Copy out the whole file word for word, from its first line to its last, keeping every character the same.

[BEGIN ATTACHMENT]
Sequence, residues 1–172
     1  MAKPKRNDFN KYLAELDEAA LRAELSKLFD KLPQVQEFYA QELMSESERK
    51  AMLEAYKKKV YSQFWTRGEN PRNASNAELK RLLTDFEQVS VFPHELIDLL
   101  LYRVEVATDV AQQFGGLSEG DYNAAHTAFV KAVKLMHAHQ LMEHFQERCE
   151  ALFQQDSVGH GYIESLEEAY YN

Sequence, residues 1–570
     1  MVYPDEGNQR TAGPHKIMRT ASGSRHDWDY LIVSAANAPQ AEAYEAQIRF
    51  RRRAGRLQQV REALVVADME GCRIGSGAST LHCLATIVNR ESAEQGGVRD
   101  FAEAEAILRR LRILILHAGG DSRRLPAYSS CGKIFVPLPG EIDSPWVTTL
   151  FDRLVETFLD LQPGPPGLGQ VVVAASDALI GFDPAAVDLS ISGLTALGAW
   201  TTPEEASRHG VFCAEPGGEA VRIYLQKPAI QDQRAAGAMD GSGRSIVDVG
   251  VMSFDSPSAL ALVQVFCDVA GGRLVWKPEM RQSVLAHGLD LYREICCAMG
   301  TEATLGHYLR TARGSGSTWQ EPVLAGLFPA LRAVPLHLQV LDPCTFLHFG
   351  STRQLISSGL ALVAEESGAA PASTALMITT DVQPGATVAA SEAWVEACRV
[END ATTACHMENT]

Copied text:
Sequence, residues 1–172
     1  MAKPKRNDFN KYLAELDEAA LRAELSKLFD KLPQVQEFYA QELMSESERK
    51  AMLEAYKKKV YSQFWTRGEN PRNASNAELK RLLTDFEQVS VFPHELIDLL
   101  LYRVEVATDV AQQFGGLSEG DYNAAHTAFV KAVKLMHAHQ LMEHFQERCE
   151  ALFQQDSVGH GYIESLEEAY YN

Sequence, residues 1–570
     1  MVYPDEGNQR TAGPHKIMRT ASGSRHDWDY LIVSAANAPQ AEAYEAQIRF
    51  RRRAGRLQQV REALVVADME GCRIGSGAST LHCLATIVNR ESAEQGGVRD
   101  FAEAEAILRR LRILILHAGG DSRRLPAYSS CGKIFVPLPG EIDSPWVTTL
   151  FDRLVETFLD LQPGPPGLGQ VVVAASDALI GFDPAAVDLS ISGLTALGAW
   201  TTPEEASRHG VFCAEPGGEA VRIYLQKPAI QDQRAAGAMD GSGRSIVDVG
   251  VMSFDSPSAL ALVQVFCDVA GGRLVWKPEM RQSVLAHGLD LYREICCAMG
   301  TEATLGHYLR TARGSGSTWQ EPVLAGLFPA LRAVPLHLQV LDPCTFLHFG
   351  STRQLISSGL ALVAEESGAA PASTALMITT DVQPGATVAA SEAWVEACRV